Ah, the inevitable “pedestrian paseo.” Just lookit all the happy, bedazzled consumers. And that fountain! Precious. Makes you want to make a wish and toss three coins in.

Folks if you aren’t ready to go grab your pitchforks by now, we suggest that we stick a fork in you –  because we think you’re done.

Fox Block Rises from the Ashes

City staff is back to hustle the infamous Fox Block project after it was killed by city council earlier this year. The project was shot down by a suddenly-fiscally-conservative council majority because it included a $6 million dollar giveaway to the McDonalds corporation that would be used to build a brand new fast food restaurant and hand it over to the corporation in exchange for a lesser property that the Redevelopment Agency “needs” to complete the project.

An email from the Fullerton Historical Theater Foundation urges supporters to show up at the study session on Tuesday night to voice opinions on the project. The email also included a first glimpse at the redesigned project:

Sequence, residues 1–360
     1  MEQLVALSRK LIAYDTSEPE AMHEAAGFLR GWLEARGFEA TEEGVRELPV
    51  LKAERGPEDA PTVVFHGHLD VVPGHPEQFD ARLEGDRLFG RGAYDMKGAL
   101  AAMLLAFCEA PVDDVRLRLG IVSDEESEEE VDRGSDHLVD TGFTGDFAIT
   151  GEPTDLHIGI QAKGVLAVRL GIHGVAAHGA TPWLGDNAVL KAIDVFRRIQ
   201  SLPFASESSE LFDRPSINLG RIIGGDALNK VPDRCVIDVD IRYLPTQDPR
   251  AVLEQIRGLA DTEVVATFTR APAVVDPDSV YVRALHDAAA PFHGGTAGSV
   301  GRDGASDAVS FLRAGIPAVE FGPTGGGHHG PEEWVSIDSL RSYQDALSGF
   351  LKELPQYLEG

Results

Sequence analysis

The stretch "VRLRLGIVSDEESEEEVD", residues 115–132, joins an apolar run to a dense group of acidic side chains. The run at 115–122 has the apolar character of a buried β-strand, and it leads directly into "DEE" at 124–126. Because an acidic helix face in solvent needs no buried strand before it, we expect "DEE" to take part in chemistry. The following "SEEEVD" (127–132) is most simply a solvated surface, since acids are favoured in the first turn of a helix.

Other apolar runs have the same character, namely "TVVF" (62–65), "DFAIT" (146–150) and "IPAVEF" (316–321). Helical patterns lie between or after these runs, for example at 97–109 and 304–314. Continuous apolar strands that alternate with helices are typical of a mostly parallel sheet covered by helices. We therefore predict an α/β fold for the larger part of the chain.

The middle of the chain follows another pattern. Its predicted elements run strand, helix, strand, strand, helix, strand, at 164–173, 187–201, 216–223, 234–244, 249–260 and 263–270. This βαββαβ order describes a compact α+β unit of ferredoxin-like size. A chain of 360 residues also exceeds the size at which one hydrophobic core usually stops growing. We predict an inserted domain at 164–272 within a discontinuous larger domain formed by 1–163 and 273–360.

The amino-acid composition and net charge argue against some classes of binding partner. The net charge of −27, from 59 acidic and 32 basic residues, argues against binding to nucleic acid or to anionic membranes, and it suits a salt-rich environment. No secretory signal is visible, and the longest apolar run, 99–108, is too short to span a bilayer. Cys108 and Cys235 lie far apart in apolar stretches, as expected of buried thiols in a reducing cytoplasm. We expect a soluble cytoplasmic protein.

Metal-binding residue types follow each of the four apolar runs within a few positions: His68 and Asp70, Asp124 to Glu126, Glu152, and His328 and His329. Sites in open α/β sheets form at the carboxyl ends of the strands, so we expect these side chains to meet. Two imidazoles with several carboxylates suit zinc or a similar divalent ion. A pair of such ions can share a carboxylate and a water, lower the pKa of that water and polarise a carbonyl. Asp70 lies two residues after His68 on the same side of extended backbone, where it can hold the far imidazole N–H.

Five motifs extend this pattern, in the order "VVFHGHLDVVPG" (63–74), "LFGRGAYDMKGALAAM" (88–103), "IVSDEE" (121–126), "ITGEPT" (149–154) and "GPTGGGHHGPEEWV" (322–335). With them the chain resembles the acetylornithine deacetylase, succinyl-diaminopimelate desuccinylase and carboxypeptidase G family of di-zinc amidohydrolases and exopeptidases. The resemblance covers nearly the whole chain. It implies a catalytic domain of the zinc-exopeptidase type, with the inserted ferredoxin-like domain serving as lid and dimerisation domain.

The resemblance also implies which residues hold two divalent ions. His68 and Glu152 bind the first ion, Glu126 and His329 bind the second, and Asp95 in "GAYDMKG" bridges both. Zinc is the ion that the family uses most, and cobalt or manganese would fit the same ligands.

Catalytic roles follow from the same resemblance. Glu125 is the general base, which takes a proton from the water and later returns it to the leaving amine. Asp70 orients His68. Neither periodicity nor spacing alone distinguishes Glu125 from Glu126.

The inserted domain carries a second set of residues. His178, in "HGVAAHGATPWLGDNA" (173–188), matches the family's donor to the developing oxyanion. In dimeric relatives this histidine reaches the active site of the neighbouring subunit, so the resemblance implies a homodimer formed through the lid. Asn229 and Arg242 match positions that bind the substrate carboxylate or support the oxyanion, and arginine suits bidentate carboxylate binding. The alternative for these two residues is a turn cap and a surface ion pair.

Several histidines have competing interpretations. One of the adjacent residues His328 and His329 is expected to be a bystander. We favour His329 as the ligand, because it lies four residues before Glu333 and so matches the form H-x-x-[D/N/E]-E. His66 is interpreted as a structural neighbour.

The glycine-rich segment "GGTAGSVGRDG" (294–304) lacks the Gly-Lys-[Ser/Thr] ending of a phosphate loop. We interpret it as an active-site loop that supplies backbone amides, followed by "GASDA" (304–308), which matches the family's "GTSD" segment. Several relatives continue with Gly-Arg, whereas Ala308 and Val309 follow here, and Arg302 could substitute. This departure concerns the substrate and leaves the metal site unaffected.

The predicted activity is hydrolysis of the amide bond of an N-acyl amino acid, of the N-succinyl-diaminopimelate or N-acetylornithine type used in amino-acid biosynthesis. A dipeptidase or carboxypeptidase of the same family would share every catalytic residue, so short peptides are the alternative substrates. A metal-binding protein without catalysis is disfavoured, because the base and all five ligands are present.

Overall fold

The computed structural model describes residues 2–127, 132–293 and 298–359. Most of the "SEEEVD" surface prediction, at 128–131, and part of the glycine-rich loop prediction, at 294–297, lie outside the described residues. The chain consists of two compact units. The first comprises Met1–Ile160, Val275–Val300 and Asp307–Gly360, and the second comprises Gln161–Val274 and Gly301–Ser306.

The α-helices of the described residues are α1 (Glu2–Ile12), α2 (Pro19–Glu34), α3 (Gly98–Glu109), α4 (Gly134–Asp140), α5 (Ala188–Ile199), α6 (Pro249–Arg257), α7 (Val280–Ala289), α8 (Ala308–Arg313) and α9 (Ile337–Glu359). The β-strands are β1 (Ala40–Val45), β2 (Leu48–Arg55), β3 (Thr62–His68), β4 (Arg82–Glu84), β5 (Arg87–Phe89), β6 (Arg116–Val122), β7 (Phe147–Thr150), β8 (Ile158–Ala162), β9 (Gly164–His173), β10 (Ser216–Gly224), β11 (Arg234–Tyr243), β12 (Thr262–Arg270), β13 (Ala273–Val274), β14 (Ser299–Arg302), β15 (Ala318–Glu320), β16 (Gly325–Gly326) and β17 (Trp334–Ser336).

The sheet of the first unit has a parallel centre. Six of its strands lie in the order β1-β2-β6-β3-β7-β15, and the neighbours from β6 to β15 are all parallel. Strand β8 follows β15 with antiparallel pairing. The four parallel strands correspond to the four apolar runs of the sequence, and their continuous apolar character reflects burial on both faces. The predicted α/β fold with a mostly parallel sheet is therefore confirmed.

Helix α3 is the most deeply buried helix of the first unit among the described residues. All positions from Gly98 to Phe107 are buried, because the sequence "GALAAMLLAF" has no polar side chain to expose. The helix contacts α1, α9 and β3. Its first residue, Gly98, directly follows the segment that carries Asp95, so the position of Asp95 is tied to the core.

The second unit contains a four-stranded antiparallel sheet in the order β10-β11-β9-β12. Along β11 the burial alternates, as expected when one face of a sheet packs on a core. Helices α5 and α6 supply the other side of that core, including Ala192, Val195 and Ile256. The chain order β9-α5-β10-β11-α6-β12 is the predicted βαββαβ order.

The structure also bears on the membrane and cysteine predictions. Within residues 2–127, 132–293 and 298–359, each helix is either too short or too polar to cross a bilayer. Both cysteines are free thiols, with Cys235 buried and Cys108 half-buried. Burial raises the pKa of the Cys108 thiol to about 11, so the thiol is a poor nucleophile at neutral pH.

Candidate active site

fox-villageThe rest of the drawings do not seem to be available yet, probably because staff prefers the public to be disarmed of the facts when the meeting begins. That way it’s easier to control the presentation: wax the upsides, minimize the downsides and keep those pesky residents from vocally questioning the dubious aspects of this project.

Judging from the angry crowd that attended the last study session on the Fox Block, the discussion will center around:

  • The height of the buildings and parking structure and their impact on the surrounding neighborhood.
  • The McDonalds move, which still appears in the new plans.
  • The use of empty promises and taxpayer subsidies to control the type of non-viable businesses that residents and staff would prefer to see in the complex.
  • Fake McSpanish architecture
  • The inconsequential relationship of this project to the actual restoration of the Fox Theatre.

So come on down to the Police Department Mural Room on Tuesday, October 20, 2009 at 5:00 p.m. It should be interesting.

Quirk Kills Bad Burger Deal; Fox Block Kicks the Bucket